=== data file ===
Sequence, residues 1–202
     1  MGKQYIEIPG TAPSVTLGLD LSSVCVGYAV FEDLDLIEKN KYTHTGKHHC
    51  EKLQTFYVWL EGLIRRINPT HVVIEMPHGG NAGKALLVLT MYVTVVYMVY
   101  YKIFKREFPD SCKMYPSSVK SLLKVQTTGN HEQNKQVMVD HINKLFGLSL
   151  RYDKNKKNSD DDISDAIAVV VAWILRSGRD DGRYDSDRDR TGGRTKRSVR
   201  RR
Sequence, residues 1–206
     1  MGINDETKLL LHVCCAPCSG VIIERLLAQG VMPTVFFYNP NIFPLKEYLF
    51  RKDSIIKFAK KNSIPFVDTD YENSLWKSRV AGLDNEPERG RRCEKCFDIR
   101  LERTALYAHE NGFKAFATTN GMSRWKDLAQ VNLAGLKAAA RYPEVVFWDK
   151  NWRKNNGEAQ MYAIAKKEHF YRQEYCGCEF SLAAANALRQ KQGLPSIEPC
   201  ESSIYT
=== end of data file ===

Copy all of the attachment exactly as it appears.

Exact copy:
Sequence, residues 1–202
     1  MGKQYIEIPG TAPSVTLGLD LSSVCVGYAV FEDLDLIEKN KYTHTGKHHC
    51  EKLQTFYVWL EGLIRRINPT HVVIEMPHGG NAGKALLVLT MYVTVVYMVY
   101  YKIFKREFPD SCKMYPSSVK SLLKVQTTGN HEQNKQVMVD HINKLFGLSL
   151  RYDKNKKNSD DDISDAIAVV VAWILRSGRD DGRYDSDRDR TGGRTKRSVR
   201  RR
Sequence, residues 1–206
     1  MGINDETKLL LHVCCAPCSG VIIERLLAQG VMPTVFFYNP NIFPLKEYLF
    51  RKDSIIKFAK KNSIPFVDTD YENSLWKSRV AGLDNEPERG RRCEKCFDIR
   101  LERTALYAHE NGFKAFATTN GMSRWKDLAQ VNLAGLKAAA RYPEVVFWDK
   151  NWRKNNGEAQ MYAIAKKEHF YRQEYCGCEF SLAAANALRQ KQGLPSIEPC
   201  ESSIYT